KHABAROVSK, Russia -- The Kremlin set off a revolt of sorts in July 2020 when law enforcement arrested the popular governor of the Khabarovsk region, Sergei Furgal, and replaced him with a temporary appointee from Moscow, Mikhail Degtyaryov.
Many in the region took the move as a personal affront and overreach from a controlling central government in faraway Moscow, and they took to the streets for months of protests that seemed to take the Kremlin by surprise.
Now voters in the region more than 6,000 kilometers east of the capital are going to the polls in an early election to fill Furgal's spot, and the Kremlin seems determined to make sure the way is clear for Degtyaryov to keep his seat.
Initially, it appeared there would be eight candidates on the ballot. But on August 4, Green Party candidate Mikael Bagdasaryan suddenly and without explanation withdrew from the race. He had been seen as a strong local candidate well-versed in the region's issues and concerns.
Voters are going to the polls in the region, which is more than 6,000 kilometers east of Moscow.
A week later, candidates Igor Logvinov of the Green Alternative party and Vladimir Chernyshov of the New People party were denied registration by election officials.
Would-be Communist Party candidate Pyotr Perevezentsev failed to submit his documents on time and election officials refused to consider them.
All three refuseniks were unable to secure the necessary number of signatures from regional district council members or executive-branch heads.
'The federal authorities and United Russia are doing everything they can to make our campaign difficult because they know that the Communist Party is the only opposition force in the country,' Perevezentsev wrote.
In the end, only three candidates will be on the ballot with Degtyaryov, who has only strengthened the perception that he is an imposed outsider by appointing many people with no connection to the region to the regional administration. On October 10, 2020, Degtyaryov oversaw the violent dispersal of demonstrators in Khabarovsk, detaining dozens.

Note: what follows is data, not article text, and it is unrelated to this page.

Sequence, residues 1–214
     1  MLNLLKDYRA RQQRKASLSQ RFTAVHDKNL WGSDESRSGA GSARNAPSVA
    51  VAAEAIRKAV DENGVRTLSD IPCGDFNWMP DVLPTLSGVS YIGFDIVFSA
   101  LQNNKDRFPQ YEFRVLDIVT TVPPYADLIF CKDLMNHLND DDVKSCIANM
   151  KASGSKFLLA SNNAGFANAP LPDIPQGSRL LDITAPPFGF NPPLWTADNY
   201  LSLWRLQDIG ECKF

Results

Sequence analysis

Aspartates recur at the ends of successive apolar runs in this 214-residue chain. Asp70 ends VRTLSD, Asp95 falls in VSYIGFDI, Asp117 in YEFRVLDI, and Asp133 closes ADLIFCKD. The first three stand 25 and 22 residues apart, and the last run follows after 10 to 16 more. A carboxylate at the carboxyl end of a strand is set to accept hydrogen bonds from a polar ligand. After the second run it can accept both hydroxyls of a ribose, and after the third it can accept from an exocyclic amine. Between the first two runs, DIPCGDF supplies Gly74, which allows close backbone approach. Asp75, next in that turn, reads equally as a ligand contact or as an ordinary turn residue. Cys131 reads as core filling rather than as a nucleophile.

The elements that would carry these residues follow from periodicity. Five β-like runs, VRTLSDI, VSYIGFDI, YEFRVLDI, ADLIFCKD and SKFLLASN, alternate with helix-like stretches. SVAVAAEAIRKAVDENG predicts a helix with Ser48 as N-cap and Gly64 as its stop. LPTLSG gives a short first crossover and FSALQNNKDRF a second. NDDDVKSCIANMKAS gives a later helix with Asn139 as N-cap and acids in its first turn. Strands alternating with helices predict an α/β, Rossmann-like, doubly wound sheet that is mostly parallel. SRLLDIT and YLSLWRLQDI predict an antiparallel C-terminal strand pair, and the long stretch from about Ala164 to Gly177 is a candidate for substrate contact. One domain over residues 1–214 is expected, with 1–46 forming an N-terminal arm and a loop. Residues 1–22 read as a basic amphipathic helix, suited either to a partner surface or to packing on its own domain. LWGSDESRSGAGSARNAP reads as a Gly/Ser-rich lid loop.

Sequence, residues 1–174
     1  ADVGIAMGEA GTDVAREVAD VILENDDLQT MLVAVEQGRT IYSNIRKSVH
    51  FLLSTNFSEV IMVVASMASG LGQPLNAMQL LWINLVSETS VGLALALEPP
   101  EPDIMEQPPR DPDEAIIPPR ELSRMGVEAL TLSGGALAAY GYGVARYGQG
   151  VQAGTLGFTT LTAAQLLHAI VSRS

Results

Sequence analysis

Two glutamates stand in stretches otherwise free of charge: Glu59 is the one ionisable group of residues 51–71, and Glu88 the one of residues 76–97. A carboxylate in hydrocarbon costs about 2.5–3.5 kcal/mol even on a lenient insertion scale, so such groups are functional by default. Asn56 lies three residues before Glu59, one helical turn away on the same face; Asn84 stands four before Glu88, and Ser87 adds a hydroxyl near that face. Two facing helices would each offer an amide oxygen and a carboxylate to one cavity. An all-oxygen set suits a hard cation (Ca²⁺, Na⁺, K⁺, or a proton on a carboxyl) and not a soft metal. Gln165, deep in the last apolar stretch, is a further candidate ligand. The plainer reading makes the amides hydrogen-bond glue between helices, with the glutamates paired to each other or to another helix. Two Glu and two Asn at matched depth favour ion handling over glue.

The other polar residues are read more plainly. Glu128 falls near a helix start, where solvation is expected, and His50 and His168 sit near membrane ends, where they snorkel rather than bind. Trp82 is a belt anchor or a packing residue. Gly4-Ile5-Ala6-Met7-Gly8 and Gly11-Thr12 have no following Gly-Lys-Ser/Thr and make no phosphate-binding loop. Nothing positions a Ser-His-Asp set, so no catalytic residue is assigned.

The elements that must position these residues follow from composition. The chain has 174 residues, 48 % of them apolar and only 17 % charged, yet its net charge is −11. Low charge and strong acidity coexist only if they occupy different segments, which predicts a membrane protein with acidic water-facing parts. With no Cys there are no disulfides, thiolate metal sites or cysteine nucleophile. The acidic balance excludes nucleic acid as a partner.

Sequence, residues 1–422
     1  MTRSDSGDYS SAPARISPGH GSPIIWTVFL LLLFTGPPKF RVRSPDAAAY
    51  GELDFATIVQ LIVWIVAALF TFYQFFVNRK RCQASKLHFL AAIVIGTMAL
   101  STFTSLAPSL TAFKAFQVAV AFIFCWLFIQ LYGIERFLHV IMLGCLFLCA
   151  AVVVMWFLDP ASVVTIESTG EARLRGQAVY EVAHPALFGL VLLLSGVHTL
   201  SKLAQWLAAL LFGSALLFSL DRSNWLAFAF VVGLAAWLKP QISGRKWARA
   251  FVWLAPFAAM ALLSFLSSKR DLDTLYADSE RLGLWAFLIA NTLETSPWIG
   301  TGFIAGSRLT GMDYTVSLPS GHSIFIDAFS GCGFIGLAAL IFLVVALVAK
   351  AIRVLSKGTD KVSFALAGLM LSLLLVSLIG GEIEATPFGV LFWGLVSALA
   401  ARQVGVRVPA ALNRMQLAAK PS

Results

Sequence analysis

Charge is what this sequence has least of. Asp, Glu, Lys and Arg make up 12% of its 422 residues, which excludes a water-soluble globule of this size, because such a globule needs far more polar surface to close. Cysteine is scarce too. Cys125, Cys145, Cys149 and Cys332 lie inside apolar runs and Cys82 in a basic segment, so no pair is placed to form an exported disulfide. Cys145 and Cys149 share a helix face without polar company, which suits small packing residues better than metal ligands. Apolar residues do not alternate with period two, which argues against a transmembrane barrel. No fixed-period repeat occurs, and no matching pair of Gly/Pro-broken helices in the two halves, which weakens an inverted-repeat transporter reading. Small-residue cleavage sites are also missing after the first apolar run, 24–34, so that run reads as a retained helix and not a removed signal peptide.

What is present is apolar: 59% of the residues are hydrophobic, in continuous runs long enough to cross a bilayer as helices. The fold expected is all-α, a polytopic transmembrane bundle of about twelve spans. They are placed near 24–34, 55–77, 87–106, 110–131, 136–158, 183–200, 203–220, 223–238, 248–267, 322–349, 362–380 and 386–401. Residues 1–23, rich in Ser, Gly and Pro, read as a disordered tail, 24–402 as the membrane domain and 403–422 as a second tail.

Changing his official residence registration and buying an apartment in Khabarovsk have done little to change the perception.
One of the acting governor's purported rivals is state television journalist Marina Kim, a native of St. Petersburg who lives in Moscow. She was put forward by the A Just Russia party and is running under the opaque slogan 'Justice Begins With The Far East.'
Another challenger -- the one best known to locals -- is entrepreneur Babek Mamedov of the Rodina party. A native of Azerbaijan, he has lived in Khabarovsk for many years. With a declared 2020 income of over 16 million rubles ($220,000), he is officially the wealthiest of the candidates. He has campaigned mostly on economic issues, appealing to workers in the military-industrial complex, students, and intellectuals.
The final 'challenger' is a native of Khabarovsk, retiree Vladimir Parfyonov of the little-known Party of Pensioners for Social Justice. Voters might be put off by the fact that Parfyonov is married to Degtyaryov's press secretary, Yelena Parfyonova. The Khabarovsk branch of the Party of Pensioners for Social Justice was hastily formed in May.
New Governor Mikhail Degtyaryov
'We are in a complicated situation,' said local protest leader Andrei Dudenok. 'People are angry. One of the analysts said recently that the people of Khabarovsk are flipping the bird in their pockets. They were just as angry when they voted in 2018.'
2018 was the year the region outraged Moscow by electing Furgal in a second-round landslide over longtime United Russia incumbent Vyacheslav Shport.
'I conducted a survey and this is what people are planning,' Dudenok said. 'If Kim is disqualified, they will vote for Mamedov. If Mamedov is disqualified, they will vote for Parfyonov. A lot of people are going to vote in a purely protest manner.'
Local Libertarian Party activist Mikhail Zhukov says this might be exactly what the Kremlin wants.
'I think it is important to Moscow that their interests are represented in Khabarovsk,' he told RFE/RL. 'They don't particularly care who is representing them -- Marina Kim or Mikhail Degtyaryov. But if Kim wins, maybe locals will get a false sense of victory and the protests will die off. That is what Moscow needs.'
Written by RFE/RL senior correspondent Robert Coalson based on reporting from Khabarovsk by Yekaterina Khasina and Aleksandr Molchanov of the Siberia.Realities desk of RFE/RL's Russian Service
Copyright (c) 2018. RFE/RL, Inc. Republished with the permission of Radio Free Europe/Radio Liberty, 1201 Connecticut Ave NW, Ste 400, Washington DC 20036